Macawood and trebol are common names applied to species in the genus Platymiscium. Other common names include cristobal and macacauba. This genus is distributed across continental tropical America from southern Mexico to the Brazilian Amazon region and Trinidad.
The bright red to reddish or purplish brown heartwood is more or less striped. Darker specimens look waxy, and the sapwood is sharply demarcated from the heartwood. The texture is medium to fine, and the grain is straight to curly or striped. The wood is not very difficult to work, and it finishes smoothly and takes on a high polish. Generally, macawood air dries slowly with a slight tendency to warp and check. Strength is quite high, and density of air-dried wood ranges from 880 to 1,170 kg/m3 (55 to 73 lb/ft3). The heartwood is reported to be highly resistant to attack by decay fungi, insects, and dry-wood termites. Although the sapwood absorbs preservatives well, the heartwood is resistant to treatment.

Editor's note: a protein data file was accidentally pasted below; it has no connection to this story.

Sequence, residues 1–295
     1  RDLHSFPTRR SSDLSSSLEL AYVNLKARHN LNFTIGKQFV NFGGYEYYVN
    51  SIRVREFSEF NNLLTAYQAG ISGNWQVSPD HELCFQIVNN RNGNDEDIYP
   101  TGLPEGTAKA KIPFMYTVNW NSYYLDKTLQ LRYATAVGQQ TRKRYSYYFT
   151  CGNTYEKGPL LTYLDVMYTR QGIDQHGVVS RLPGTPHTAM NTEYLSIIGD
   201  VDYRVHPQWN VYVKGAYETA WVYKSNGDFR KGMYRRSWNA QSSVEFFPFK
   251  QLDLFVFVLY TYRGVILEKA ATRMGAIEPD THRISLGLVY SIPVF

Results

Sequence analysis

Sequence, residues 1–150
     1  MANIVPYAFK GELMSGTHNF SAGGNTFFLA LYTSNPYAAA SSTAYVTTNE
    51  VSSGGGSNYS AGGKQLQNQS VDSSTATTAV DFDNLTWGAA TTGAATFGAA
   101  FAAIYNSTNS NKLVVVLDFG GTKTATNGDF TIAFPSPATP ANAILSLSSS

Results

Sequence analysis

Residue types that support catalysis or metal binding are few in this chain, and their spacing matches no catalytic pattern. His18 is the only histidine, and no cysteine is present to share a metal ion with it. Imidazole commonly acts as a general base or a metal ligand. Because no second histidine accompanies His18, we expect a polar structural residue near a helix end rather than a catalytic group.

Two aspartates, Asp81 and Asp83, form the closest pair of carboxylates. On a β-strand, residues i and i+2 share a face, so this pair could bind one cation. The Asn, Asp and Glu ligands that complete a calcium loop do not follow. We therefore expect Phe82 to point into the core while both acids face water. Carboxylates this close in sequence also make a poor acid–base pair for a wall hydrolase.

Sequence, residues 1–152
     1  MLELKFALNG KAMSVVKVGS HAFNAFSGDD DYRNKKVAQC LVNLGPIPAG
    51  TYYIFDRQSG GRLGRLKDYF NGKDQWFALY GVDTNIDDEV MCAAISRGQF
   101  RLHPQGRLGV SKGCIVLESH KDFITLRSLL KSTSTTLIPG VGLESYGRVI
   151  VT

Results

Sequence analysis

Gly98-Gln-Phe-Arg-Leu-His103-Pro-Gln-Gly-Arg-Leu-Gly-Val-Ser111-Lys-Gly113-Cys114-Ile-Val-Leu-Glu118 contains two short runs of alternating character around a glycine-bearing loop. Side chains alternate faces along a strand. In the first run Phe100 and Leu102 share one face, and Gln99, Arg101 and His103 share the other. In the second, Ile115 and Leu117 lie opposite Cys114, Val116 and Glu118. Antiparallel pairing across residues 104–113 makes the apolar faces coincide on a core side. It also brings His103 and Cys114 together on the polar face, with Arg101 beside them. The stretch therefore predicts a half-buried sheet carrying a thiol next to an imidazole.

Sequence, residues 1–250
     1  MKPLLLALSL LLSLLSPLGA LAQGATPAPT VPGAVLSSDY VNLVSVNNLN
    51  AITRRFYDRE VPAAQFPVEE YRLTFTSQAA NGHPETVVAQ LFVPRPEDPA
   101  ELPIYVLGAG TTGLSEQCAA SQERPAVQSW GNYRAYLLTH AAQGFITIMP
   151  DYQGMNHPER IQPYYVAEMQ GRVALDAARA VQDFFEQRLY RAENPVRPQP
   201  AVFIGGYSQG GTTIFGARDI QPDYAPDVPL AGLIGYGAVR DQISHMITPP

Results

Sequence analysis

Macawood is a fine furniture and cabinet wood. It is also used in decorative veneers, musical instruments, turnery, joinery, and specialty items such as violin bows and billiard cues.
*Much of the base wood information presented here is made available by the USDA FPL FS. If you are interested in a much more technical description of wood properties, I encourage you to visit the source.